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"Les Enclos": churchyards of special architectural interest

In Brittany, our religious monuments are unlike any others in the world. They remind us of the religious fervour in times gone by.
Saint-Thégonnec, Plounéour-Ménez, Saint-Jean-du-doigt.. follow a trail through these towns that will lead from the sea to the mountains...

Each parish church consisted of the church itself, and usually a stone cross monument, an ossuary (bone house), a graveyard and a triumphal entrance. The outer wall then marked the boundary and protected the holy ground.

Take a peek at these strange churchyards

Using the Parish Church of Saint-Thégonnec as an example, find out why these churches and churchyards have become so fascinating to artists, historians and sociologists alike...

A new way of seeing religious art
The happy abandon of Gothic Art, the inventiveness of the Renaissance, the pomposity of the Baroque - it’s all here!

On the southern side, the architectural grandness reminds modern admirers of a successful and prosperous region: this is a churchyard of special architectural interest, known in French as an enclos paroissial. Brittany is not the only place in the world where you can find an enclos but it is the place where their richness and inventiveness evoke the greatest admiration. Separated from the parish itself by a wall, the enclos is a sacred area surrounding the church, a stone cross monument, an ossuary (bone house), a graveyard and a triumphal entrance.


Cross or Calvaire - what’s the difference?

A cross, whether made of wood or of stone, only ever has an image of Christ upon it. However, a Calvaire can depict the Virgin Mary or St John both witnesses to the cruicifixion.
As time went on, increasingly elaborate monumental Calvaires included other sacred characters from the Passion. The Calvaire of Saint-Thégonnec was multi-coloured.
The bone houses, known as ossuaires, and the chapels serve as reminders of how death is ever-present; they are not hidden away but were used to instruct and remind the churchgoers. The ossuary was the resting place for the recently-deceased and the chapel was a reminder that our time, too, will come to pass. Step down into the Crypt to admire the moving entombment "Mise au tombeau".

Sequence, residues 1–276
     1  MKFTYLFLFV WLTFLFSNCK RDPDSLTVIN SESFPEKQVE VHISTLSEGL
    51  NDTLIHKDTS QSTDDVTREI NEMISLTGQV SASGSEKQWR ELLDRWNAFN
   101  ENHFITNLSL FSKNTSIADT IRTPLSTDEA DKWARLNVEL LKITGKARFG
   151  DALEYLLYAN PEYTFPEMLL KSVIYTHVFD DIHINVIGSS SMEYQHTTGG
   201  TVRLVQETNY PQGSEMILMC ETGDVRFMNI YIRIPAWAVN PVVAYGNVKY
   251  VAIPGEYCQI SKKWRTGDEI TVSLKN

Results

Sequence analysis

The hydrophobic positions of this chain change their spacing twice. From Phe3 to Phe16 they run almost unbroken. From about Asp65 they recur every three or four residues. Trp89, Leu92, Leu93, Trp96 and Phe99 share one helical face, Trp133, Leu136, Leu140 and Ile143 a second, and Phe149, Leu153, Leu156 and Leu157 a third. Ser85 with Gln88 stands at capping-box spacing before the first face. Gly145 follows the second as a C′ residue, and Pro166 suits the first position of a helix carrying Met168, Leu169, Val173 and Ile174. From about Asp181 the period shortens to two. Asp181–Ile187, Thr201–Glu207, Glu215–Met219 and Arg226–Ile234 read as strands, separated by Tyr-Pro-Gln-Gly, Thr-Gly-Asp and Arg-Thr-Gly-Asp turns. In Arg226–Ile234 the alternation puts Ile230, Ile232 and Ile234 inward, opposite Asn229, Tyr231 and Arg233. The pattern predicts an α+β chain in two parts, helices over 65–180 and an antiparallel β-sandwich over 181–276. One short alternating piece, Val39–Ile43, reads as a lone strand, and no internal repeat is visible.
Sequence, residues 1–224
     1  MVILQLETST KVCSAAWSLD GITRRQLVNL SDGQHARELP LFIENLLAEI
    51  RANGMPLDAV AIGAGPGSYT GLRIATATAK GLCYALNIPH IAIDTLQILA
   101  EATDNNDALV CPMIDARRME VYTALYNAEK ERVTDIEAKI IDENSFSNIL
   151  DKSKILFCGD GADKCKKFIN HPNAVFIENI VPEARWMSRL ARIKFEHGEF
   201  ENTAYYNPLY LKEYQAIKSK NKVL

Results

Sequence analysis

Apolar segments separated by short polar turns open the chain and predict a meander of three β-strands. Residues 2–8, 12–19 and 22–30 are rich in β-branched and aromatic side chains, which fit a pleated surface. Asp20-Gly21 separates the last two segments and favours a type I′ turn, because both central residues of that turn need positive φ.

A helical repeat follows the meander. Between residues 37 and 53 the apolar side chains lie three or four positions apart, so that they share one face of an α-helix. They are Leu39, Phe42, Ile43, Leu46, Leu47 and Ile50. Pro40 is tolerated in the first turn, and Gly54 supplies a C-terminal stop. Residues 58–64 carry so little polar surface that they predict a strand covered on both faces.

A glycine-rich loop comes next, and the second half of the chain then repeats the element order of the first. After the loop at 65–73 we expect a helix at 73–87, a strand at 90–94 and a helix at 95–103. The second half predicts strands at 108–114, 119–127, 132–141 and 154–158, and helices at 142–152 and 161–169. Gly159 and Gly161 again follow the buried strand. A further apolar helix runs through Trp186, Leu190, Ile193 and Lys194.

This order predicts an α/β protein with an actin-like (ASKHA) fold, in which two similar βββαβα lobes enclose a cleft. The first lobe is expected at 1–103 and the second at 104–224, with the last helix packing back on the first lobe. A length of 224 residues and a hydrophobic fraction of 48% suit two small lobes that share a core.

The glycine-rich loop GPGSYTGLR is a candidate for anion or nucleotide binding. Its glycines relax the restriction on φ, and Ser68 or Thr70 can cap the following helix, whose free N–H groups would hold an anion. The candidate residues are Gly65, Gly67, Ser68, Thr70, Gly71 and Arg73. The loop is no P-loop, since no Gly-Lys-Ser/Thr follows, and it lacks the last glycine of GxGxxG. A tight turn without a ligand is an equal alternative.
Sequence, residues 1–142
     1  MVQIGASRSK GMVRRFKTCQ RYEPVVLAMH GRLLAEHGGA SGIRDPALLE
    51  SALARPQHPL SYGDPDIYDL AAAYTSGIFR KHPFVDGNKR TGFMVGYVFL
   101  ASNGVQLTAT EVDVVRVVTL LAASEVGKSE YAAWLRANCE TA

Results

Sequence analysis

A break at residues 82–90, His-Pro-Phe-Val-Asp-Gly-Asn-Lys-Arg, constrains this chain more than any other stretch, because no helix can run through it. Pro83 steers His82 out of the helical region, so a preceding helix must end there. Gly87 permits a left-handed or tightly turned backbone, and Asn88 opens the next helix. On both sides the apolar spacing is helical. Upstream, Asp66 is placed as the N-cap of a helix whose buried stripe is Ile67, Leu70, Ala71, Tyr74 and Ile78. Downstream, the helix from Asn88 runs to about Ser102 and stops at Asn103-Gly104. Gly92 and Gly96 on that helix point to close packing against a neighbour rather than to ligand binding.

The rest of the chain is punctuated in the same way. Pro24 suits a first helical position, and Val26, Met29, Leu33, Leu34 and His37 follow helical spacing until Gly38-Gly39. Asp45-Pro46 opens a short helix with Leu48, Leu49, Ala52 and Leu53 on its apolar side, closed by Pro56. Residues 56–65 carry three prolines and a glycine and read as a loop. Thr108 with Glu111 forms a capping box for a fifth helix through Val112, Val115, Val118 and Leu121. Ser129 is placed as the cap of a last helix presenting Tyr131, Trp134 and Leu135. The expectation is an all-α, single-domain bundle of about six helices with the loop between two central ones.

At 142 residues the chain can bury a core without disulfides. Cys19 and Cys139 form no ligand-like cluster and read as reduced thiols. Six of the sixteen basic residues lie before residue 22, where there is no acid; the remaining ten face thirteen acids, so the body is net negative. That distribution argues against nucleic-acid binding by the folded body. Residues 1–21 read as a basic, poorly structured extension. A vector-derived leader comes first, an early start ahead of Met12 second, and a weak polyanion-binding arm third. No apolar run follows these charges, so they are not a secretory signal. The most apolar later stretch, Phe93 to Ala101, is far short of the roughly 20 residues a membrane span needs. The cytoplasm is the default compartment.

The Renaissance Triumphal Arch seems to imitate the entrances to chateaux and manor houses, often decorated with beautiful carvings that emphasised the wealth of the local landowners. At the entrance, raised stones prevented any animals from entering the holy ground.
The insider of the church and its belltowers also developed through wealth: from the 16th to 18th centuries, the best craftspeople left their legacies in the form of carvings, constructions and artwork. A powerful organ casing, perfect Baroque altars, and also a gallery of Saints are waiting to be admired.


How these Enclos came about

The lively imagination of local craftspeople and the rivalry between neighbouring parishes at the time came together to inspire these astounding works of sacred architecture: multi-coloured sculptures, dazzling stained-glass windows, stone cross monuments and even books carved from stone – all of which helped to inspire faith by evoking paradise and the Passion.
Elsewhere in Brittany, locals were growing and working with hemp; here it was linen. Morlaix Linen was famous throughout Europe and was highly profitable - the merchants and traders who reaped the benefits helped to finance these incredible and enduring religious monuments right through to the end of the 17th century.

Linen and the cloth trade

This wash-house (or "Kandi") is a key link in the chain when it comes to Morlaix’s linen heritage, showing the old methods of ’manufacture’ that built and sustained these towns. They may be a modest means of earning a living, they are an essential part of our local history.

Out of the thousand or so wash-houses between Landerneau and Morlaix, the one known as Kanndi du Fers is the only one to have preserved its walls and most of its interior. It was almost in ruins but the group Saint-Thégonnec Living Heritage restored it in 1996.
Over a period of two centuries, linen was whitened here in water warmed over oak chippings. The linen would have been washed in the stone trough that surrounds the building, then the bleaching process continued by laying the skeins to dry in the sun. This process was repeated several times, requiring an incredible three months of whitening until it could be made into fabric.

Listen to the Audioguide of the Enclos Paroissiaux... on your mobile phone or Ipad !

The circuit of the Enclos paroissiaux is available as an mp3. Take a listen...